# $H\le G$. Number of orbits of the induced $H$-action of a transitive $G$-action: why assuming $H\unlhd G$

group-actionsgroup-theory

This post claims:

$$G$$ is a transitive group action. Normal subgroup of transitive group $$G$$ has at most $$|G:N|$$ orbits, and if $$|G:N|$$ is finite, then the number of orbits of $$N$$ divides $$|G:N|$$.

My question deals with the part in italics, as I seemingly proved it without using the normality of $$N$$. So I wonder whether I inadvertently used it somewhere, or is my proof just wrong (or, thirdly, the result is more general and holds for every subgroup $$H\le G$$, whereas perhaps the normality is used to prove the second part of the claim). Hereafter what I did:

Let $$H\le G$$. Every $$g\in G$$ lays in some right coset of $$H$$ in $$G$$. So, denoted with $$R\subseteq G$$ a complete set of coset representatives, for $$x\in X$$ we get:
\begin{alignat}{1} \operatorname{Orb}_G(x) &= \{g\cdot x, g\in G\} \\ &= \{(hg_i)\cdot x, g_i\in R \text{ and } h\in H\} \\ &= \{h\cdot(g_i\cdot x), g_i\in R \text{ and } h\in H\} \\ &= \{h\cdot y_i, y_i\in Y(x) \text{ and } h\in H\} \\ &= \bigcup_{y_i\in Y(x)}\{h\cdot y_i, h\in H\} \\ &= \bigcup_{y_i\in Y(x)}\operatorname{Orb}_H(y_i) \\ \end{alignat}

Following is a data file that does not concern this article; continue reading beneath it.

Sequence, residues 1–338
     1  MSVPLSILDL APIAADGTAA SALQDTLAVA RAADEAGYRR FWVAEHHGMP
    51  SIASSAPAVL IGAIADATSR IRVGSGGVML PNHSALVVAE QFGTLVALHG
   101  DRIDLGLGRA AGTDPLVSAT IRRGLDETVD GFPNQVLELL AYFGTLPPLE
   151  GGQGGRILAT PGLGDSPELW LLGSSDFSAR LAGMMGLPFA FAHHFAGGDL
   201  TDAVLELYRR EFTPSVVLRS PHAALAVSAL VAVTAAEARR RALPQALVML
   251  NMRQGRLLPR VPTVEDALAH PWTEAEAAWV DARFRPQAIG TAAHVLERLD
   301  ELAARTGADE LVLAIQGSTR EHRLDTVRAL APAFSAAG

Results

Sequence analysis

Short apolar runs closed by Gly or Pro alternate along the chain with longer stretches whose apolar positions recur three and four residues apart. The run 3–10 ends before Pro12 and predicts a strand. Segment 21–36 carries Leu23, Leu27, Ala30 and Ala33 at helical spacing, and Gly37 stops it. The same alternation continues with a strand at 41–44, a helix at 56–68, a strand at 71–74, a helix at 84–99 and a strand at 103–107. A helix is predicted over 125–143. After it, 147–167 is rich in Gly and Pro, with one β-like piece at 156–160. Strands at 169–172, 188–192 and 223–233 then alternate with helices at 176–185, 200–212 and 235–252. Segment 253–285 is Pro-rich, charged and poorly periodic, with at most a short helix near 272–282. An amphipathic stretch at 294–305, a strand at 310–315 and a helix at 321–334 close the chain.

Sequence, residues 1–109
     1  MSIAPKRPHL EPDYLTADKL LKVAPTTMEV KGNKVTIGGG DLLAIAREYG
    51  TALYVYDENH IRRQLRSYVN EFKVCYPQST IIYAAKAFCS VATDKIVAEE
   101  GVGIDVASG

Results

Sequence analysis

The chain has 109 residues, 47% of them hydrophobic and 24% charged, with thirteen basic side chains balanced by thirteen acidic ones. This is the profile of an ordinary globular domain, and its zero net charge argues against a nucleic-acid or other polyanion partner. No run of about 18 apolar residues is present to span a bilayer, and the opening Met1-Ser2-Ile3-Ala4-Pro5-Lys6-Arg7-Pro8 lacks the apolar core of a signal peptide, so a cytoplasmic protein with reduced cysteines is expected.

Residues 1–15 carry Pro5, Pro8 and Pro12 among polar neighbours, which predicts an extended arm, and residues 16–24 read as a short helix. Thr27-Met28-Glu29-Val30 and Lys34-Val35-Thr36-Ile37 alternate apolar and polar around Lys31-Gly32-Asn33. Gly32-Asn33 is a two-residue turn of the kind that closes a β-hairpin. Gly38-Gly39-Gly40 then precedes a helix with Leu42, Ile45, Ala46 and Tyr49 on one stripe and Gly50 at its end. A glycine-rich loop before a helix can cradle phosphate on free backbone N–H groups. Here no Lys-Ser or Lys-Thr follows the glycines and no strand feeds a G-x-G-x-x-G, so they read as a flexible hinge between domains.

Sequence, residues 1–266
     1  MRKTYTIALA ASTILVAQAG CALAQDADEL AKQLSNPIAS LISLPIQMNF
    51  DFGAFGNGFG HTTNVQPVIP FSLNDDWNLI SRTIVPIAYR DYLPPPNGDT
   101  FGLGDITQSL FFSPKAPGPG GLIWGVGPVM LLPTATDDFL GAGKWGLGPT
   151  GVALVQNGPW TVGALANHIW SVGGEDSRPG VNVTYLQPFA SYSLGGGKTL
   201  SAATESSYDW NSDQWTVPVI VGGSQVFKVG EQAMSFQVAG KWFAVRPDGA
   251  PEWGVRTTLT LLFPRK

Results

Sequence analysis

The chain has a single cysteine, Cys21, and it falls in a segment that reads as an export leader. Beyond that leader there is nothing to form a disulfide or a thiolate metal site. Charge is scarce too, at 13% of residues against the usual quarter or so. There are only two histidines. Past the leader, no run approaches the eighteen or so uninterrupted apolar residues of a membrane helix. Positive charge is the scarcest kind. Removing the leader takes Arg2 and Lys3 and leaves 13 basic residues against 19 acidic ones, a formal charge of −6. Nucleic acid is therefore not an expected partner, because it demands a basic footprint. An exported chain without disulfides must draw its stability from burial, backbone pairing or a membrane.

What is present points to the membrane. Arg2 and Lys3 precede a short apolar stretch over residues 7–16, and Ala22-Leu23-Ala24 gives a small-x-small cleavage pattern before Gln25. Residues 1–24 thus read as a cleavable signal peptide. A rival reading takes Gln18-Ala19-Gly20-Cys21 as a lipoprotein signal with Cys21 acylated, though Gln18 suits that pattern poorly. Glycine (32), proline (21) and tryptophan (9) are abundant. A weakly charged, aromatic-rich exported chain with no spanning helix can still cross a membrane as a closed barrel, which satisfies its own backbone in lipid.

where $$Y(x):=\{g_i\cdot x, g_i\in R\}$$. Now, $$|Y(x)|\le |R|=[G:H]$$, so if the $$G$$-action is transitive, then the $$H$$-action has at most $$[G:H]$$ orbits.

Indeed, if $$G\curvearrowright\Omega$$ transitively then the (general version of the) orbit-stabilizer theorem says $$\Omega\cong G/S$$ as a $$G$$-set, where $$S$$ is the stabilizer of any element in $$\Omega$$ (these stabilizers are conjugate so the corresponding coset spaces are equivalent). Which in turn means if $$H\le G$$ then the orbit space $$H\backslash \Omega$$ is in bijection with the double coset space $$H\backslash G/S$$, and there is in turn a surjection to the double coset space from the right coset space $$H\backslash G$$, which makes $$[G:H]$$ an upper bound. This is basically a different perspective on your own proof.
So you're right the first part of the theorem doesn't require the hypothesis that $$H$$ is normal. But the second part of the theorem does require this hypothesis. If $$N$$ is normal, then the quotient group $$G/N$$ acts on the orbit space $$N\backslash\Omega$$, transitively because $$G\curvearrowright\Omega$$ was transitive, which by orbit stabilizer implies the size of the orbit space divides the size of $$G/N$$. But if $$H$$ is not normal, the $$H$$-orbits can have different sizes, and there is no guaranteed well-defined projection from $$G/H$$ to $$H\backslash\Omega$$ with equal-size fibers. And indeed, we can cook up a counterexample by looking at small groups presumably.